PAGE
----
Three things then happened near to simultaneously.  First, Eldar’s hand slapped onto the green square with a wet smack.  The blood and grime on his hands leaving a distinct shape on the glass. The force of his slap spiked back thought him as pain shot up his arm. Second there was a scrambling from above, a rain of dirt and the howling yip of one of the hounds as several hundred pounds of snarling hound came slamming to floor of the silo. Third, the warm female voice intoned,  “Positive Identification. Welcome Maintenance Worker number 7424.” Then, and Eldar later would swear there was a tone of sarcasm, “Was that so hard?”

Eldar stared at the green pad incredulously. Somehow the smear of his handprint had registered with the disembodied voice.

A growl filled the silo and Eldar turned to look at the hound raising up on its legs and shaking the fall from itself. Eldar fell back against the metal wall of the alcove and stared at the hound. He found himself memorizing every detail of its snarling visage. From the wet gleam of its nose to the saliva lining it’s jowls as it exposed it’s reddish yellow fangs to him. The movement of each muscle as it moved forwards. It was the last site he would see so he absorbed its every nuance.

The hound stepped forward again and apparently crossed some threshold within the silo as the hum and green beam came to life again. It ran down over the beast and then back up again. The hound blinked at the light but was not put off from its prey and stepped forward again.

“Security override Seven Nine Delta One. Assume BF mode alpha.” the warm female voice spoke with authority now. Eldar believed he saw a green flash deep within the hound’s eyes, but he could not be sure. The effect though of the command was immediate. The hound laid down on the floor of the silo, head up and attentive, tongue protruding from the side of its mouth panting lightly. There was no trace of aggression left at all to the beast.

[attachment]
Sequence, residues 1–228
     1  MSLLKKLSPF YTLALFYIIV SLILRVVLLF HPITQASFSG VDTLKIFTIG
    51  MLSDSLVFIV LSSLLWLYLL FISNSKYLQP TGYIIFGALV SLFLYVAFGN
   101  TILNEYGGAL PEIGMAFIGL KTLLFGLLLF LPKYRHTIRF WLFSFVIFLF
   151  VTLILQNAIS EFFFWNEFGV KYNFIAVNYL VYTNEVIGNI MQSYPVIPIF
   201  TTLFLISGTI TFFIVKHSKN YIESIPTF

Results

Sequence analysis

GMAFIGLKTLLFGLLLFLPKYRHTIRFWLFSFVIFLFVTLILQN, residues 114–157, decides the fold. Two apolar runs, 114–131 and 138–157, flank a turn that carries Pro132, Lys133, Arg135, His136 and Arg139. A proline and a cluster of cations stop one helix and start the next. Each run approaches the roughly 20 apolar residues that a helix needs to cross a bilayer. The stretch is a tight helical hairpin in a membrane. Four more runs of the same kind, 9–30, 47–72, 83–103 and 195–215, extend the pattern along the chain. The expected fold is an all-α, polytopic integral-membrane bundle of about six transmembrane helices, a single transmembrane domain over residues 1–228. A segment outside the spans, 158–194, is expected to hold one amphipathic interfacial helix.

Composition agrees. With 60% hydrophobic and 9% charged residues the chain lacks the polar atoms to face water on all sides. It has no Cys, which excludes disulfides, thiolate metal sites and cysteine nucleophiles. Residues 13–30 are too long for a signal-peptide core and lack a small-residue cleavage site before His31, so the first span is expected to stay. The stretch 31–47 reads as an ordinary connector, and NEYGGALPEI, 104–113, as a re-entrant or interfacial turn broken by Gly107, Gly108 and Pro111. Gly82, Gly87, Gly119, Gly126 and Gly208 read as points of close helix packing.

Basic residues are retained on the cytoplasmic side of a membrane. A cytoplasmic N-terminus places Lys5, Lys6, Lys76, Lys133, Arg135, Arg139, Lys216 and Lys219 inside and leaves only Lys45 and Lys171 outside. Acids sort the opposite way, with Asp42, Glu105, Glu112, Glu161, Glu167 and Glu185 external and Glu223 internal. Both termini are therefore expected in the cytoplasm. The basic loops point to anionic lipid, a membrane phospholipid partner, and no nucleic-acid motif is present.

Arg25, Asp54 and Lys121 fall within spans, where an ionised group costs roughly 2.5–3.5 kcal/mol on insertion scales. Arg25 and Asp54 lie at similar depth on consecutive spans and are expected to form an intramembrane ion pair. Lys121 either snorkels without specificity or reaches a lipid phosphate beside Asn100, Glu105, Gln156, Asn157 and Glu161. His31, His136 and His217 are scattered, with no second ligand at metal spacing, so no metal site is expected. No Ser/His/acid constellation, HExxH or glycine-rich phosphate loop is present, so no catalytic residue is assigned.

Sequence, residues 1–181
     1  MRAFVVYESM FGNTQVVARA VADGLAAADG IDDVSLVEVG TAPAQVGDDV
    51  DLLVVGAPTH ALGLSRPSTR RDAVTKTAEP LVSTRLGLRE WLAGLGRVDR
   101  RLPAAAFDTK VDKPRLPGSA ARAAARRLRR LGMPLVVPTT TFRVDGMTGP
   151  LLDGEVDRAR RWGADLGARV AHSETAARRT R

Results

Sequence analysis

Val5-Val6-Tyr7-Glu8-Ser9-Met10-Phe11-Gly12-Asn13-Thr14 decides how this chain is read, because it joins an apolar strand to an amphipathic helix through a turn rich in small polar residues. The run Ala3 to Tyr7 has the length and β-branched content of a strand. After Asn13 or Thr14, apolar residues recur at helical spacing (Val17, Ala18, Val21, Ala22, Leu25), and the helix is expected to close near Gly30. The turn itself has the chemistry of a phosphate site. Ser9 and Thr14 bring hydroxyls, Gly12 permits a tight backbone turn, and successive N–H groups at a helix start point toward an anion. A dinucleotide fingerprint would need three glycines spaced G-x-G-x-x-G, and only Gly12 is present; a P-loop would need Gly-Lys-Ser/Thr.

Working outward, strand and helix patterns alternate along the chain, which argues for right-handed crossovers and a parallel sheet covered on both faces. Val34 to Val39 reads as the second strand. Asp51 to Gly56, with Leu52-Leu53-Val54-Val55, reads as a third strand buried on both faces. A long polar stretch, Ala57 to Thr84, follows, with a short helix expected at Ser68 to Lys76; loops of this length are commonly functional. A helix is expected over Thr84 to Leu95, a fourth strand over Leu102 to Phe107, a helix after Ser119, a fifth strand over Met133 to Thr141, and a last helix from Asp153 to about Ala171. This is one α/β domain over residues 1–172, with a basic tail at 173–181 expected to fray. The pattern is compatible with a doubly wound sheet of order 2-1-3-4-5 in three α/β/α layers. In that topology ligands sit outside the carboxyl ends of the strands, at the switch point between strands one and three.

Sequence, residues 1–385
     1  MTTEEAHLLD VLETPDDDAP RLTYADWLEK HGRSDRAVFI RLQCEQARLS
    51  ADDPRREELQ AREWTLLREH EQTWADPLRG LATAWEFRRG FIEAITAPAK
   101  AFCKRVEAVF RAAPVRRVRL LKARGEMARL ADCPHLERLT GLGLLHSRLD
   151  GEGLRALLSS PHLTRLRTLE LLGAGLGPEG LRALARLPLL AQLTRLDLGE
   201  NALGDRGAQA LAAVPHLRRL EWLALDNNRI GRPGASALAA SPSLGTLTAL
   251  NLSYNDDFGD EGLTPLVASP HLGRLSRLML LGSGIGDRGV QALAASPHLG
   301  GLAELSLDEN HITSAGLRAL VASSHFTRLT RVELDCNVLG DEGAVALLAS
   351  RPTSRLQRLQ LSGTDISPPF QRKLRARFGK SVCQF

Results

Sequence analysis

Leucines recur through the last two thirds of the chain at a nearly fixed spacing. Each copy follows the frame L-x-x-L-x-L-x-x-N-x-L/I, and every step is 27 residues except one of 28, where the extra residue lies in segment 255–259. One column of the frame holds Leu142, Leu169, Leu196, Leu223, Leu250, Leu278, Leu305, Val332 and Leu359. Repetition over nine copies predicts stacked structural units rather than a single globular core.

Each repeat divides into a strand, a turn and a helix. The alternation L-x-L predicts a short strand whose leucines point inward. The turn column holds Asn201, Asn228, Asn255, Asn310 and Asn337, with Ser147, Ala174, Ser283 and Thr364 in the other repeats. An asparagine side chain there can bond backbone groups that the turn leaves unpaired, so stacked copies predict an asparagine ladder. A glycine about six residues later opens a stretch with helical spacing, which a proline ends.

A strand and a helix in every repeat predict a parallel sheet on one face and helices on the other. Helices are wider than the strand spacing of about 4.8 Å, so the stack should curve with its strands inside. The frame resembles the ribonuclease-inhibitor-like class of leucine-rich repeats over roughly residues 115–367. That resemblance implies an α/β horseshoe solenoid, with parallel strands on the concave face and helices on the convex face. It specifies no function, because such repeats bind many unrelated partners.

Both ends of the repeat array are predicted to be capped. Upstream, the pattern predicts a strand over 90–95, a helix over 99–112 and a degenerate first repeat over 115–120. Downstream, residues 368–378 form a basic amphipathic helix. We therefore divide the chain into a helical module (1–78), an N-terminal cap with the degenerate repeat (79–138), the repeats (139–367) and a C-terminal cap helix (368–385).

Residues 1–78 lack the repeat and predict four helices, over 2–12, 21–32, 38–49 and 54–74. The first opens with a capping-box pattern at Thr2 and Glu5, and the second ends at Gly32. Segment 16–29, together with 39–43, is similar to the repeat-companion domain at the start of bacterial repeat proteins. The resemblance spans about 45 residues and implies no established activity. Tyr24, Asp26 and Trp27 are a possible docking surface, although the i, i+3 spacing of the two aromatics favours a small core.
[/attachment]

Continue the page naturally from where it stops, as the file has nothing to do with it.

Eldar stared in amazement and somehow missed the brief vibration in the metal wall he leaned against. It was brief, as the vibration was followed by the wall suddenly lurching up and out from behind him. Exhausted, Eldar promptly fell back, inside what he now knew was a door, and slamming his head on another unnaturally smooth and perfectly hard floor.

As the world dimmed around him and Eldar felt consciousness slipping away from him he heard the too warm and too polite female voice.

“Leaning on blast doors is not recommended. This is a dangerous practice that can result in loss of limb or other serious injury. Safety mechanisms should have disabled this door from opening when it was leaned upon. Please report this to maintenance referencing error ID 10 T.”

And then,  “Thank you for your assistance.” and all was dark.

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Continue Reading with Chapter 1, Available on Amazon and Smashwords.